The management of non-small cell lung cancer (NSCLC) relies on the tumour–node–metastasis (TNM) stage, and the treatment regimen differs based on the N status. Positron emission tomography–computed tomography (PET–CT) has emerged as a powerful imaging tool for the detection of various cancers with a relatively low false-negative rate. We explored predictors to identify false-negative N2 disease in PET–CT.METHODS
A total of 284 consecutive cN0 patients with peripheral NSCLC who underwent PET–CT scans followed by curative intent resections were enrolled as a training set to identify predictors of occult N2 metastases by multivariable analysis. The accuracy and cut-off values for the predictors were calculated using a receiver operating characteristic curve. Clinical and pathological data were analysed retrospectively. An additional 151 patients were collected as a test set to validate the results, including the occult N2 rate and accuracy.RESULTS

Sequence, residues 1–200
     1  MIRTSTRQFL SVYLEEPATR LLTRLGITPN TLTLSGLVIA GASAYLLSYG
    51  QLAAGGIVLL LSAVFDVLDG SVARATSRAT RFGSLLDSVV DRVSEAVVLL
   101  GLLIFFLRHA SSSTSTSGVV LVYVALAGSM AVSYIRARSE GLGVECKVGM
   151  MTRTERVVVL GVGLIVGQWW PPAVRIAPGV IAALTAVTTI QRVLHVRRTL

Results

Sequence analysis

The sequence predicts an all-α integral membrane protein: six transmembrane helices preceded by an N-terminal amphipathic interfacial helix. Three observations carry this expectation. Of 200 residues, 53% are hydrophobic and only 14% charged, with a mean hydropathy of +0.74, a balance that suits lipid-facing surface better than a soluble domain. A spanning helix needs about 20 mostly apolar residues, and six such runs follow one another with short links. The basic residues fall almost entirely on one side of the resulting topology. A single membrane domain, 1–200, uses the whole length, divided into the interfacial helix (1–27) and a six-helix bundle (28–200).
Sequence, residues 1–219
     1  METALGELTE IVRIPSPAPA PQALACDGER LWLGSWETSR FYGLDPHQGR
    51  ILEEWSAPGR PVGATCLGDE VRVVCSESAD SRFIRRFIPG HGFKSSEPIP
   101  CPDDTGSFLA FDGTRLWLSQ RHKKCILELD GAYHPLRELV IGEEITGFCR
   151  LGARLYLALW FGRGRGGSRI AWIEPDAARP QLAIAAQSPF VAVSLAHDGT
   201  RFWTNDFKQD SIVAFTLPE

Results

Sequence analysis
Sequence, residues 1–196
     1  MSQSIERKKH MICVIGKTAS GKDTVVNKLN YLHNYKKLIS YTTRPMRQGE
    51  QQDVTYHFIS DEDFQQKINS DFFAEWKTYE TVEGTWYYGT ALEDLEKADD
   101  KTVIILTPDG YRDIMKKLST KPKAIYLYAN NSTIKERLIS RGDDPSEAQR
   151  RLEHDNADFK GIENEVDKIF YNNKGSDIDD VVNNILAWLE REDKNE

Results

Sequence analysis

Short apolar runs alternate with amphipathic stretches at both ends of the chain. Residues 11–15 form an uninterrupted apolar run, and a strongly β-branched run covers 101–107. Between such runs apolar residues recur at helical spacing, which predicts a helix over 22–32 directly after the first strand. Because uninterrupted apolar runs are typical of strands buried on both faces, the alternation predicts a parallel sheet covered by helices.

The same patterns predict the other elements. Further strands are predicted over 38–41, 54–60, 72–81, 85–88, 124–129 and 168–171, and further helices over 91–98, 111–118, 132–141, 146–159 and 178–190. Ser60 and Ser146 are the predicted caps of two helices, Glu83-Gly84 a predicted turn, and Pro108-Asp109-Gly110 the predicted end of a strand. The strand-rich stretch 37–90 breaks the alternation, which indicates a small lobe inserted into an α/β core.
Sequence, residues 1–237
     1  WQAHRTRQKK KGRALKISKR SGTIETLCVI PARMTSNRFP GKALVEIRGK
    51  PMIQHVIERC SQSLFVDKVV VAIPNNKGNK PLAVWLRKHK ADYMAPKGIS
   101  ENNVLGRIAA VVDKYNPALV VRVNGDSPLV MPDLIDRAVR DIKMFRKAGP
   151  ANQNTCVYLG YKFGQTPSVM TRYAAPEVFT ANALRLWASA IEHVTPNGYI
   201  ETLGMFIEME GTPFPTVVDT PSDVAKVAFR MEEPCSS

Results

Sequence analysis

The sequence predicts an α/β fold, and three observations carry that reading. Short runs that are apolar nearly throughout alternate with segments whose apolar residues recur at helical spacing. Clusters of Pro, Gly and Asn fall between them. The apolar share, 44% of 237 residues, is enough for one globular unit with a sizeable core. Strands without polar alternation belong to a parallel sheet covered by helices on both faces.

In total, 8.5% (24/284) PET–CT-diagnosed N0 NSCLC cases had pathologically diagnosed N2 metastases. The SUVmax of the primary tumour was a unique independent risk factor for occult N2 NSCLC [P = 0.003, 95% confidence interval = 0.81–0.96, odds ratio (OR) = 0.88]. Occult N2 metastases occurred more frequently in the subcarinal (16/24) and right lower paratracheal lymph nodes (12/24). Accordingly, we divided the patients into two groups by SUVmax: the occult N2 rates in the SUVmax of <2.6 and SUVmax of ≥2.6 groups were 1.0% (1/100) and 12.5% (23/184), respectively (P = 0.001). In the test set, the occult N2 incidence rate was 9.3% (14/151), with the highest rates occurring in the subcarinal (9/14) and right lower paratracheal lymph nodes (6/14). In the two groups defined by SUVmax, the occult N2 rates were 4% (2/50) and 11.9% (12/101), respectively.CONCLUSIONS
The SUVmax of the primary tumour was an independent risk factor for occult N2 metastases in NSCLC patients diagnosed as clinical N0 by PET–CT. SUVmax of ≥2.6 of the primary tumour may indicate the risk of N2 metastases, and invasive mediastinal staging techniques or comprehensive therapy should not be ignored in these patients.